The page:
HON­OUR COURAGE SER­VICE

We pay trib­ute to the 100 Aus­tralian ian ser­vice­men to have been awarded the Vic­to­ria Cross

The Weekend Australian - - FRONT PAGE - CARO­LINE OVERINGTON

The Vic­to­ria Cross is Aus­tralia’s high­est hon­our, awarded to just 100 men in a touch over 100 years.

Only four sur­vive, and here they all are, gath­ered on a rooftop in Bris­bane’s Petrie Val­ley.

It is the eve of the cen­te­nary of Ar­mistice Day, 11/11, the day the guns fell silent on the war that was meant to end all wars, a solemn event The Week­end Aus­tralian to­day com­mem­o­rates with a mag­a­zine hon­our­ing all 100 re­cip­i­ents of the Vic­to­ria Cross.

Of the group of four who sur­vive, Keith Payne VC AM is, at 85, the old­est. He earned his hon­our in Viet­nam. The oth­ers — Mark Don­ald­son VC, Ben Robert­sSmith VC MG, and Daniel Keighran VC — are vet­er­ans of the desert war in Afghanistan.

It was no sim­ple task to as­sem­ble th­ese men for this pho­to­graph. They know each other, of course. In­deed, they of­ten see each other, at this dawn ser­vice, or that melan­choly fu­neral, and so they greet each other with af­fec­tion, but in the main, they are pri­vate peo­ple. In­tro­verts, a lit­tle cau­tious in the com­pany of peo­ple who have never served, and there­fore can­not know.

To be awarded the VC is an hon­our, but it’s a som­bre one.

The medal goes mainly to men who have died, or come close to death try­ing to save the lives of their com­rades in the scream­ing heat of bat­tle.

There is no sense of achieve­ment, cer­tainly no cel­e­bra­tion. Th­ese four men have turned up to­day for the same rea­son they joined the army in the first place. Duty. Old-fash­ioned con­cept, that one.

They have some­thing in com­mon, be­yond the Vic­to­ria Cross: a de­sire to demon­strate un­yield­ing sup­port for their fel­low vet­er­ans, and for men and women still in uni­form.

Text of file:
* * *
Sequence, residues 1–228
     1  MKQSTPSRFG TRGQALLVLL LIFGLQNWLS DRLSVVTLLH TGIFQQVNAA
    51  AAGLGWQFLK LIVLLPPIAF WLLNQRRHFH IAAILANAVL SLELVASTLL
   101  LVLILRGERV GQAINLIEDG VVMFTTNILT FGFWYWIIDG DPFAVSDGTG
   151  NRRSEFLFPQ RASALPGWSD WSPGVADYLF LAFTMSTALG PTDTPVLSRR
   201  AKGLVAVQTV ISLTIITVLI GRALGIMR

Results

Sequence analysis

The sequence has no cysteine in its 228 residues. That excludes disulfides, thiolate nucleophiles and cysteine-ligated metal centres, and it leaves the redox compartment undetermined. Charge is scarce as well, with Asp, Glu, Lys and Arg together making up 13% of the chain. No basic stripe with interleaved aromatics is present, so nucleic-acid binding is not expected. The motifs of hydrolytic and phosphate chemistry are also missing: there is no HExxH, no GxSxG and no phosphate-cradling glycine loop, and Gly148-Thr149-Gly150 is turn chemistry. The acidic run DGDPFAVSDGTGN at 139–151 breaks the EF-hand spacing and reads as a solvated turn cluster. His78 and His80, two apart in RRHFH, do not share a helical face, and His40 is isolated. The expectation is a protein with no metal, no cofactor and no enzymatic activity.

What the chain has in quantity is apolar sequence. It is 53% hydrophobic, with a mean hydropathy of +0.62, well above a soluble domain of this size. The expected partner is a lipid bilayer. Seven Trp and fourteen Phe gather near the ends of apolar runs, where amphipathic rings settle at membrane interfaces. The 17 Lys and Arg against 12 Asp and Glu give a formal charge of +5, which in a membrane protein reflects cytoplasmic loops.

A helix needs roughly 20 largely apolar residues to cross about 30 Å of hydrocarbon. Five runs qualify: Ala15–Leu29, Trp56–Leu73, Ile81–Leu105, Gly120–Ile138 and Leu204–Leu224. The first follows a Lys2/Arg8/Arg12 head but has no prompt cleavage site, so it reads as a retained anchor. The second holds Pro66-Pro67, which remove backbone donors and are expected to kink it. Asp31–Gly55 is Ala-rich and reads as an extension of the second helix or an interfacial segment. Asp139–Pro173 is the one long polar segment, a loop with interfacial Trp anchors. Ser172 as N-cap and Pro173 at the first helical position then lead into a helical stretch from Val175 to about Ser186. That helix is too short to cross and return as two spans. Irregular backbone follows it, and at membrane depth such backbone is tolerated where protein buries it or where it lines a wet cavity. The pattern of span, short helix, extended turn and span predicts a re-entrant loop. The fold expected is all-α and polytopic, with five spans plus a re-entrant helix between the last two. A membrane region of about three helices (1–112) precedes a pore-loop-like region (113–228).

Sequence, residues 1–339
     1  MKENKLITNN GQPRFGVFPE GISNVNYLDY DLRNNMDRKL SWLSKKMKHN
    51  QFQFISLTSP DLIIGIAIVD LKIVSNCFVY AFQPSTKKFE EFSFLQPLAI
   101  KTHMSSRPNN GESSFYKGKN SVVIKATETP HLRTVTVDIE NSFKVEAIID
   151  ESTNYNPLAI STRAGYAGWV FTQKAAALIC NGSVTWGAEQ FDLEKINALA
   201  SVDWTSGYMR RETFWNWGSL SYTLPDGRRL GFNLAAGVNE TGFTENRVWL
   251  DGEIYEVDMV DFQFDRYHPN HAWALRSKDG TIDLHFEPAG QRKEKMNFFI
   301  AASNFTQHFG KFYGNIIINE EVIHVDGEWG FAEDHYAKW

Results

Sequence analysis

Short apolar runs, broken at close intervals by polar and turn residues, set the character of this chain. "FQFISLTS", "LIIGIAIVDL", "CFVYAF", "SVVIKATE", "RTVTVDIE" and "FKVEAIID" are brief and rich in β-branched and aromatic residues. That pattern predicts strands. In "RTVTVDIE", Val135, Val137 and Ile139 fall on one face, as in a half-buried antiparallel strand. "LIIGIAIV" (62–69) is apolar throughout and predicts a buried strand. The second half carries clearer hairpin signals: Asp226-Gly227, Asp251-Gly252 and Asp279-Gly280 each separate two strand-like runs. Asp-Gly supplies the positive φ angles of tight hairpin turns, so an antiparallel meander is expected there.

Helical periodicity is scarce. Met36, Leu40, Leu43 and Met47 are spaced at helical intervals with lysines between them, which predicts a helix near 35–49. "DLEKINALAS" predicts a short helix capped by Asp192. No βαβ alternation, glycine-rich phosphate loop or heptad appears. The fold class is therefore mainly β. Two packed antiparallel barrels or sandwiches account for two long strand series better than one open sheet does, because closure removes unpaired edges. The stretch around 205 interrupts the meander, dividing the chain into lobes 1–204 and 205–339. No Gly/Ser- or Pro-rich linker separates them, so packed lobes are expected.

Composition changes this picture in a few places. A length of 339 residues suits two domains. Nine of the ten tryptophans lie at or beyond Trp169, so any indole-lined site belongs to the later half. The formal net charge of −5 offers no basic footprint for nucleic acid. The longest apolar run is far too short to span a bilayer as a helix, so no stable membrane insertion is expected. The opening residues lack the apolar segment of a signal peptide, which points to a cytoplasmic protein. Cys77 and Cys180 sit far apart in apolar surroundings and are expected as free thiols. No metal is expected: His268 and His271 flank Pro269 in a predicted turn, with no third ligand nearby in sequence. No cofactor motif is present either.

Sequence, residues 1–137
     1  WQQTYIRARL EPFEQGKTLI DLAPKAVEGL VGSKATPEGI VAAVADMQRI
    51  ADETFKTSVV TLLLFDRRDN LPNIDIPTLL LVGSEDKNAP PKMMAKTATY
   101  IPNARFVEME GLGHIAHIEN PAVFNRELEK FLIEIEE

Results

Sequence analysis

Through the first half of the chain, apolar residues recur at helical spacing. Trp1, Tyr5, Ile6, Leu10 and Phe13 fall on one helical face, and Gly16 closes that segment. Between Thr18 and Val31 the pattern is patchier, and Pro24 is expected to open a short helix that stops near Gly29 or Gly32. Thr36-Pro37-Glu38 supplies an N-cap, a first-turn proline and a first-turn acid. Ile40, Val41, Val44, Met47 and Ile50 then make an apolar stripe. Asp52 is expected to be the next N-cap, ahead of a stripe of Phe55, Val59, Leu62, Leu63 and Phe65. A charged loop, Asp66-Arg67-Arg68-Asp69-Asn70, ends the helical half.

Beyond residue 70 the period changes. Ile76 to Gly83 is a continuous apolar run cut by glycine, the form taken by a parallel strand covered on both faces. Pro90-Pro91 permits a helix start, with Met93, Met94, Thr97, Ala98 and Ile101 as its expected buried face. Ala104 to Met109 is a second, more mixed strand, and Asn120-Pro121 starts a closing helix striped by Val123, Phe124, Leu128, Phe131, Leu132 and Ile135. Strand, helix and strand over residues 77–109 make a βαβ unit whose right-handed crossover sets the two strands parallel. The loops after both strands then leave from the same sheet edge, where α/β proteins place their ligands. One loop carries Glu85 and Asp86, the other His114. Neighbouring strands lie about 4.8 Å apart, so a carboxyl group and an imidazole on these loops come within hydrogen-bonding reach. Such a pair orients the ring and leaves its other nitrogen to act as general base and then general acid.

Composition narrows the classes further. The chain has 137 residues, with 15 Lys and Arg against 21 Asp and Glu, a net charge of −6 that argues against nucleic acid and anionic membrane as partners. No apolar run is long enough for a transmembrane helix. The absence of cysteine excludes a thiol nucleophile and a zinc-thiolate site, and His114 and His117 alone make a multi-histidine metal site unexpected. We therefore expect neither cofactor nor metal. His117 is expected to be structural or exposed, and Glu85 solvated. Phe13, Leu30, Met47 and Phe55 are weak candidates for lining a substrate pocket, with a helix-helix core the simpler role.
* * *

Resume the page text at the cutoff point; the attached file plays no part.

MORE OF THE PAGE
First to ar­rive is Don­ald­son, for­merly Trooper Don­ald­son of the Spe­cial Air Ser­vice Reg­i­ment, who in 2008 af­ter a fire­fight re­alised that an Afghan in­ter­preter was wounded on the bat­tle­field.

Mov­ing on foot, with dis­re­gard for his own safety, he went back, and car­ried him to safety.

Don­ald­son in those days had a red beard, and dusty skin. That look doesn’t fly in peace time, and he ar­rives clean-shaven, bi­ceps bulging un­der a busi­ness shirt (none of them looks par­tic­u­larly com­fort­able in their suits.).

When he speaks, his voice is so quiet, you can barely hear him, and never does he use two words when one will do. He’s mar­ried now, has a cou­ple of kids, he’s work­ing as a de­fence ad­viser for Boe­ing. Things are go­ing well. Next comes Dan Keighran, for­merly Cor­po­ral Daniel Keighran of the 6th Bat­tal­ion, Royal Aus­tralian Reg­i­ment, who placed him­self un­der en­emy fire while lead­ing his men out of harm’s way dur­ing a bat­tle in Oruz­gan prov­ince in Au­gust 2010.

To­day? He’s kid-wran­gling. Dan’s white-haired son, Jack, is sprint­ing down the ho­tel cor­ri­dors, plac­ing starfish hand prints on doors, search­ing hand­bags for phones and jan­gly keys, which are now at risk of be­ing dropped over the rooftop’s edge.

“Tougher than war?” some­body says, as Dan, smil­ing, scoops his spir­ited son off the floor.

In one hand, he has his medals; in the other, a rub­ber wa­ter bot­tle.